We are more than a month into the legislative session. No one expects them to finish 90 days – the statutory limit. This session will likely go to the 121 day constitutional limit, which would be mid-May. Congresswoman Mary Peltola (D- Alaska) addressed a joint session of the Alaska Legislature on Friday (2/27/2022). Senator Lisa Murkowski (R – Alaska) is scheduled to address a joint session on Wednesday at 11 am. Tons of labor folks were in Juneau this week for the Alaska AFL-CIO’s annual fly-in. And Governor Mike Dunleavy’s (R – Alaska) amended budget came out this week, adding more than $100 million in additional spending.
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Stedman tops lawmakers’ travel spending for second year in a row
The following is an excerpt from this week’s edition of the Alaska Political Report. You can click here for more information about the Political Report. A subscription is $1,299/year per organization. Discounted pricing is available for non-profits and government entities. Our coverage of the budget starts with the governor’s proposed budget in mid-December and we track everything in detail through the entire process. If you have any questions or would like to subscribe, please email email@example.com.
The annual report that lists legislators travel and moving expenses, as well as their per diem and office account allowances, is out. This report covers 2022.
We’re just going through some more detailed reports from the Legislative Affairs Agency that will tell us more about where lawmakers traveled and how they spent their money last year. But in the meantime, here are a few takeaways:
- Legislative travel and moving expenses totaled $491,000 last year, down from the $630,000 spent in 2021 but but up from the $360,000 in 2020 due to the Covid pandemic, according to legislative figures.
- Sen. Bert Stedman, R-Sitka, easily topped the Legislature’s list for travel spending for the second year in a row, racking up a $33,000 bill – $5,000 more than what he spent on travel in 2021. Stedman’s travel bill was $14,000 more than Kodiak Rep. Louise Stutes, the prior Speaker of the House, ($20,000) – the second highest. Other lawmakers who racked up five-figure travel bills include Nome Democratic Rep. Neal Foster ($19,500) Dillingham independent Rep. Bryce Edgmon ($19,500), Fairbanks Sen. Click Bishop ($14,500), and Bethel Democratic Sen. Lyman Hoffman ($11,000).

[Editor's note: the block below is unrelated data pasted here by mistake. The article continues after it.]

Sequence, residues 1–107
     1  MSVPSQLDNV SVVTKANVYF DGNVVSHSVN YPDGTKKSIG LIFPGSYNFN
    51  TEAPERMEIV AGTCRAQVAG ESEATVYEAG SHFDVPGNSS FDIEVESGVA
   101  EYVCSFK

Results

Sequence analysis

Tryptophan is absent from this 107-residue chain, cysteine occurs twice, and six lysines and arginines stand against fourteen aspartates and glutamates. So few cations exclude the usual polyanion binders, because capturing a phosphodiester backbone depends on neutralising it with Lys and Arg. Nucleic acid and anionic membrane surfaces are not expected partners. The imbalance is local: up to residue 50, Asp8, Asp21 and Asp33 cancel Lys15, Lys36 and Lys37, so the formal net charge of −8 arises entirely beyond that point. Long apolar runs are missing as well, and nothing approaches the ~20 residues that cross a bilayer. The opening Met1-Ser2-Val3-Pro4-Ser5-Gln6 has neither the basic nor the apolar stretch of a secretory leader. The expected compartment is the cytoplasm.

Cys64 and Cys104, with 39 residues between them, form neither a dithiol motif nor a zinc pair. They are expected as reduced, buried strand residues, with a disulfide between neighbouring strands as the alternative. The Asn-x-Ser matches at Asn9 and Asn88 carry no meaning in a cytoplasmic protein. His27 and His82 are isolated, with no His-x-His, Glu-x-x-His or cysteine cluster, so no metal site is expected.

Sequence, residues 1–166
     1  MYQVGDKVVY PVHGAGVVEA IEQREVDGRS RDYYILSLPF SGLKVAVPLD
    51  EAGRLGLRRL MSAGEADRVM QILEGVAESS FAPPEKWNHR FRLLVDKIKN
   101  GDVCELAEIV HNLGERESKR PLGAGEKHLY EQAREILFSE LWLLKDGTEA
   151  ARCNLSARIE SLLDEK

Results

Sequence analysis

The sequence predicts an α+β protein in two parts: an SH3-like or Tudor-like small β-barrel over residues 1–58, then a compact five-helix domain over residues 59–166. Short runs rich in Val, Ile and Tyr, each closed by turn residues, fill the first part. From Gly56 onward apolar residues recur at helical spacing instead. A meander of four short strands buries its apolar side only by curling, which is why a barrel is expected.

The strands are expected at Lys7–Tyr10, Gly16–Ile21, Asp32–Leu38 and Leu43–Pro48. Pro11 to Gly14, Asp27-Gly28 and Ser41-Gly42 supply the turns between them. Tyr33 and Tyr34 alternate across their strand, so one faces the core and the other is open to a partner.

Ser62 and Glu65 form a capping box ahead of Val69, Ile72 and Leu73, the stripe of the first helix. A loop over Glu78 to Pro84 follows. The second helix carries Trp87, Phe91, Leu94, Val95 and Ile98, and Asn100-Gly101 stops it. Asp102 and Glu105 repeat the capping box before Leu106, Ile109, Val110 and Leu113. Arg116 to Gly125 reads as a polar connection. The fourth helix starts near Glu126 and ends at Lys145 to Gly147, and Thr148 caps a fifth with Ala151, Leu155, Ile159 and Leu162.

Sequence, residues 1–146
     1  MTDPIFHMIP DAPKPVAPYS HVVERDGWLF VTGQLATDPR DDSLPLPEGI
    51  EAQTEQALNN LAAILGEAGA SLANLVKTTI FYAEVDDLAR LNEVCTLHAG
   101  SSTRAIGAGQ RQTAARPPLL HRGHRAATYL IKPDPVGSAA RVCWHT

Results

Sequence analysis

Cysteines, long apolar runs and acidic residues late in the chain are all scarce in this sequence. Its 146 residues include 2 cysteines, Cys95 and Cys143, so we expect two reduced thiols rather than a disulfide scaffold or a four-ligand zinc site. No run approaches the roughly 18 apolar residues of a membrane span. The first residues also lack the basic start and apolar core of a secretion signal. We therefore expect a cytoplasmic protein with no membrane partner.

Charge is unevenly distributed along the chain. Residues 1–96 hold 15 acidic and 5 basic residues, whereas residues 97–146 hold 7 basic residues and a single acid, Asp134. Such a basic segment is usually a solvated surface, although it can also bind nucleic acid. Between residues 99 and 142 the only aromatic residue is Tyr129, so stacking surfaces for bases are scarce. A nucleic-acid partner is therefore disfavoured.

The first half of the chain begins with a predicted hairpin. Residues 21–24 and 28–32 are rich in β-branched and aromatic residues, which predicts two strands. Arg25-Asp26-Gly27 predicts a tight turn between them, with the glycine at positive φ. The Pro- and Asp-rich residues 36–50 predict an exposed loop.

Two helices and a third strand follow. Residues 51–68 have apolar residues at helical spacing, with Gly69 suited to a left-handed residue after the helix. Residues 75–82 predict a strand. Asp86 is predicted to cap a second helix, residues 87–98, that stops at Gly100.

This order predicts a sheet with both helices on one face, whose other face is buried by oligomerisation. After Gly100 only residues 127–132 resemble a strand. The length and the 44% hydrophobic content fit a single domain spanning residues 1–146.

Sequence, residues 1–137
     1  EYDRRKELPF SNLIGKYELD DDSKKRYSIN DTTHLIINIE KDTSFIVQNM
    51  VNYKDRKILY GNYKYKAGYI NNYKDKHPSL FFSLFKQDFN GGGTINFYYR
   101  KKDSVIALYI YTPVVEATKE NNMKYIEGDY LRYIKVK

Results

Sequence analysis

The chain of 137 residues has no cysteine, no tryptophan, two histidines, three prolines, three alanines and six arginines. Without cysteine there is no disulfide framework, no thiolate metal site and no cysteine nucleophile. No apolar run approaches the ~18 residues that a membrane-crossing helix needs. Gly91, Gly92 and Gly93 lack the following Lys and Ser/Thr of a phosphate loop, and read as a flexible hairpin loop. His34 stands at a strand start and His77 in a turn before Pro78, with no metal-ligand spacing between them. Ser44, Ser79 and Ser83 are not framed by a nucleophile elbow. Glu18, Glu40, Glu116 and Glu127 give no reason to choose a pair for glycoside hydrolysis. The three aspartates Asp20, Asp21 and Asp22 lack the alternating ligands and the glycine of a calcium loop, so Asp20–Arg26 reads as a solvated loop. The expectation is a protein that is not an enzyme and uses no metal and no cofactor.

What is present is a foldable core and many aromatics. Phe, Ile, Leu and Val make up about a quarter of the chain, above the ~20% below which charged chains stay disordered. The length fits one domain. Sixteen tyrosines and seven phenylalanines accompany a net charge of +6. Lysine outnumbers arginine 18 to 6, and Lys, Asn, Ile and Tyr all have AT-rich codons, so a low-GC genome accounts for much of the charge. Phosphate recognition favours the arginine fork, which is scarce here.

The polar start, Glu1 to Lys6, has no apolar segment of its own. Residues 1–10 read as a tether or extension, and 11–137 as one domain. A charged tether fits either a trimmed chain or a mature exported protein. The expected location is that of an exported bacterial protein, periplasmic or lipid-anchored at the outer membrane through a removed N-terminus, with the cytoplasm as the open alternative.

- Golovin Democratic Sen. Donny Olson, who’s made headlines for his travel and relocation expenses in the past, led lawmakers in relocation expenses, with $19,000 ($10,000 less than 2021) — but keep in mind that Olson has a large family that he moves to Juneau with him each year. Utqiagvik independent Rep. Josiah Patkotak, who also moves his young family to Juneau, was next with $14,000 in expenses, $6,500 less than he spent in 2021. Bethel Democratic Sen. Lyman Hoffman spent $10,500, $3,000 less than he spent in 2021. Former Sen. Natasha von Imhof, Foster, and former Sen. Peter Micciche each spent just under $10,000.
- Legislative per diem in 2022 totaled $2.3 million.
- Office account allowance, which is for “postage, stationery, stenographic services, and other business expenses” totaled $732,000. Representatives are allocated $12,000 per year while senators are allocated $20,000. While many used the entire amount, some only used a portion. North Pole Republican Rep. Mike Prax spent just $1,500, former Rep. Steve Thompson spent $1,600, former Rep. Liz Snyder spent $2,500, and Stedman and von Imhof spent just over $4,000 each.
Below are the salaries of employees of key legislative agencies:
- Kris Kurtis, the head of the Division of Legislative Audit, earned a salary of $201,000, with $9,500 in travel expenses.
- Megan Wallace, the director of Legislative Legal Services, earned a salary of $152,000, with $4,700 in travel expenses.
- Alexi Painter, the director of the Division of Legislative Finance, earned a salary of $144,000, with $500 in travel expenses.
- Jessica Geary, the executive director of the Legislative Affairs Agency, earned a salary of $140,000, with $1,3500 in travel expenses.
Congresswoman Mary Peltola gave a speech to a joint session of the Legislature on Friday. It was short and sweet, about 20 minutes. Way shorter than Senator Dan Sullivan’s (R – Alaska) speech the week prior. It was the first time in a long time Alaska’s lone member of the U.S. House addressed the Legislature. I once asked the late Don Young why he didn’t give speeches to the Legislature like the two senators. He told me, “I used to serve in the Legislature. The last thing I wanted when I was in there was some from Congress telling me my business.” Classic Don Young. Peltola took questions from legislators after, and then held a press availability to take questions from members of the media. Former Senator Josh Revak, who was recently hired as her state director, was in town and back in the Capitol with Peltola.